Recipient of a dozen prestigious international grants and residencies, including one from the Pollock-Krasner Foundation, Aaron Karp’s fractured, multihued surfaces—termed “visual jazz” by one critic—present a “rhythm, harmony and dissonance,” according to the artist, that is perceived as blended color and movement. His extensive list of exhibitions in leading museums and galleries includes two travelling shows originated by the Guggenheim Museum in New York City.

Aureliano Parra Rangel, being exhibited here for the first time, notes that he uses obsessive repetition of color and form in his Mylar assemblage to express the poetic in his urban environment, from an aerial or zenith perspective. Parra has participated in major exhibitions in his native Venezuela as well as in international ones such as the Shanghai Art; Pinta Art Fair, New York; and the Biennial of Cuenca, Ecuador; as well as at the Caracas Museum of Contemporary Art.

José Rosabal was a founding member of the Unión de Escritores y Artistas de Cuba (UNEAC) in Havana as well as a member of the important Diez Pintores Concretos (Ten Concrete Painters) group of Cuban geometric abstract artists. His work has been exhibited in leading venues in his native Cuba as well as in Mexico, New York and Berlin and was featured in the gallery’s most recent exhibition, “The Silent Shout: Voices in Cuban Abstraction 1950-2013.”

Linda Touby has been represented by this gallery since the mid-1980s. Her impressive nine-page biography lists scores of important exhibitions from New York and Washington to Estonia, Beverly Hills and Munich to Kuwait. Her new series is a stunning tour de force of how a master colorist makes an extraordinary painting seem simple. Her latest series, at first glance horizontal bands of complementary colors, on examination reveals a synergistic complex of underpainting and subtle visual and verbal messages, pushing the emotional envelope of abstract expressionism to its limits.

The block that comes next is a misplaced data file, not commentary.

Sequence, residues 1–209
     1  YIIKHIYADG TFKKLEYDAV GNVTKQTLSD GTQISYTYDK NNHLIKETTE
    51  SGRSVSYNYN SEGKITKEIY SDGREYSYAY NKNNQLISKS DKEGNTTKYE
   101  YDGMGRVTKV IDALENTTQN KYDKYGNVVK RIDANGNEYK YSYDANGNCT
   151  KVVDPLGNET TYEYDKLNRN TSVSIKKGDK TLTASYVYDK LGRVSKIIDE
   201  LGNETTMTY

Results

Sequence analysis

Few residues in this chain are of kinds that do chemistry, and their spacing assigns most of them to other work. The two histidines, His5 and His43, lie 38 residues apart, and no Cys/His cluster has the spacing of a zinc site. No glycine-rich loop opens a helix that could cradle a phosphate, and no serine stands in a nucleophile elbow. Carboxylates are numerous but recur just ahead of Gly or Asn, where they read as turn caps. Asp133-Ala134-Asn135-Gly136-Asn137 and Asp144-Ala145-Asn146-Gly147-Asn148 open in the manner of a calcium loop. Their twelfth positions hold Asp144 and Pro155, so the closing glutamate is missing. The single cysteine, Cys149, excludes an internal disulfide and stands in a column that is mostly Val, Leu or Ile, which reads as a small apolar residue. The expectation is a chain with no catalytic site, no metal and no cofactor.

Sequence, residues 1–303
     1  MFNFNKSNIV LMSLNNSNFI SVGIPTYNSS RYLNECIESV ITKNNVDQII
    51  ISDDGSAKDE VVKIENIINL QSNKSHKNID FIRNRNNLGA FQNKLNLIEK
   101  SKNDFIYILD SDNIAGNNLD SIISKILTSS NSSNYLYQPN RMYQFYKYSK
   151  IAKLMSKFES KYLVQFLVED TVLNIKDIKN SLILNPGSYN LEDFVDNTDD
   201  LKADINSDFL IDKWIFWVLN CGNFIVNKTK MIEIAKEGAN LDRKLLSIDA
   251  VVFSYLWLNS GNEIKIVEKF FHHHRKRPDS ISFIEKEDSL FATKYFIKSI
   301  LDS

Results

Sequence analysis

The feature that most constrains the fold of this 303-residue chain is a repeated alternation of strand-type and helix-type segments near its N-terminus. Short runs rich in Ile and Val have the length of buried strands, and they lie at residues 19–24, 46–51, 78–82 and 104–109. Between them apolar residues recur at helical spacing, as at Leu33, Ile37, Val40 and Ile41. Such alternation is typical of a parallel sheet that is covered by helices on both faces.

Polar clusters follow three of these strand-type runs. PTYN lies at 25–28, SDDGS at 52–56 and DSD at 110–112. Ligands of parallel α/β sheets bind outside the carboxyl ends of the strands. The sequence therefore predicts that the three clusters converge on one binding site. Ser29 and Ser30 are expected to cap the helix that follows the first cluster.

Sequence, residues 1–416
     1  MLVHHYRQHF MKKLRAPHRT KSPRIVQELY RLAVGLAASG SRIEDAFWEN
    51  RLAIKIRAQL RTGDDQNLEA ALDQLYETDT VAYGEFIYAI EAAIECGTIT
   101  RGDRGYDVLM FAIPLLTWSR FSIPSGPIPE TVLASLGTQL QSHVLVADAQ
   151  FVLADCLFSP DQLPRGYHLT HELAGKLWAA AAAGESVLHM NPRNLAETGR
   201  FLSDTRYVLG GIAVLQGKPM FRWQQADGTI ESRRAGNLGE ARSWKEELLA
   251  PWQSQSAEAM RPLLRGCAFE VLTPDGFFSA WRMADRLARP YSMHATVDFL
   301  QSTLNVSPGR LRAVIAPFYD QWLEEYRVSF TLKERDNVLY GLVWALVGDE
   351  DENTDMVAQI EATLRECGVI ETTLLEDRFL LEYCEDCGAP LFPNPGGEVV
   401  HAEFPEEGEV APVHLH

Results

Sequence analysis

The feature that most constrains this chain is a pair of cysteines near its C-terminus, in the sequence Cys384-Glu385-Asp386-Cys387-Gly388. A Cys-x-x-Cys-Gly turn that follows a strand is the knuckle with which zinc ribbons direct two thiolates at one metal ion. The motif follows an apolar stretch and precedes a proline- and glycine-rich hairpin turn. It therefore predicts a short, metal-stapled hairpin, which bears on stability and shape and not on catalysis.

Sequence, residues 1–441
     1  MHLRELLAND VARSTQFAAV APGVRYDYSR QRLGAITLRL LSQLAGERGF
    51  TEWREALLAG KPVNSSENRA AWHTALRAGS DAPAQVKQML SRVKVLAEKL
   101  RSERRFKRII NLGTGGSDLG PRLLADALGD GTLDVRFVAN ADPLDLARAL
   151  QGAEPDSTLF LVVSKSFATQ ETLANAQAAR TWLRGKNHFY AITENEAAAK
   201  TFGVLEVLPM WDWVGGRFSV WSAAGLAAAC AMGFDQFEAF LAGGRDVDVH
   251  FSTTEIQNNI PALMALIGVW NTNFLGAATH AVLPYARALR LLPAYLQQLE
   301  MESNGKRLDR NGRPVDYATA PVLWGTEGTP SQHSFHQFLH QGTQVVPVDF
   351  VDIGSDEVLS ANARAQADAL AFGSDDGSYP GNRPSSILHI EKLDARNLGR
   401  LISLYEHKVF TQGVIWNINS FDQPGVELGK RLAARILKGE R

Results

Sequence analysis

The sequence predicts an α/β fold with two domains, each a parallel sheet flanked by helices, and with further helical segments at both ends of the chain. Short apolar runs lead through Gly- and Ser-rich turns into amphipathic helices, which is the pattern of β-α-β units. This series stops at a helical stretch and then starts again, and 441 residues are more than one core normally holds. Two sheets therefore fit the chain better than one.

José Angel Vincench, who exhibited both sculpture and paintings in our last show, is represented by three new sculptures from his “Exile” series in our new exhibition. Based on the Spanish word “exilio,” the artist took the outlines of its letters, superimposed them, and then extrapolated abstract shapes from that diagram. Vincench’s cedar-wood sculptures are finished with 23-karat gold leaf to attract attention, because he feels that we forget too quickly the drama behind a word, the discrimination, the people in jail or those who die for an ideology, sometimes fighting for a piece of land. Vincench believes that as an artist with a conscience, he needs to share what he sees around him through his artistic statements.

Suzan Woodruff’s luminous, nacreous paintings have been exhibited in more than two dozen solo shows from California to India, New York City to Budapest, as well as in nearly four dozen group shows.They are included in collections such as those of the AT&T Corporation, the Sanskriti Foundation in New Delhi, Princess Reema Bandar Al Saud, the actor Will Smith, the prominent film producer-philanthropist Todd Wagner, and Mel Ilberman, CEO of Sony Music International. Art Ltd editor George Melrod wrote in a cover story that Woodruff “creates elegant abstractions that seem to capture the dynamism of natural phenomena; her work ranges widely in its implied imagery, from Turneresque sunsets, to sedate seascapes, to turbulent tornadoes.” Despite their abstract nature, Woodruff’s paintings seem feminine, even sensual, and reminiscent of the works of Georgia O’Keeffe, whose work she admires.

ArtSpace Virginia Miller Galleries, Greater Miami’s long-established contemporary fine art gallery, has presented over 300 exhibitions since 1974. Located at 169 Madeira Ave., in downtown Coral Gables, the gallery is open Tuesday through Friday afternoons and by appointment by calling 305-444-4493.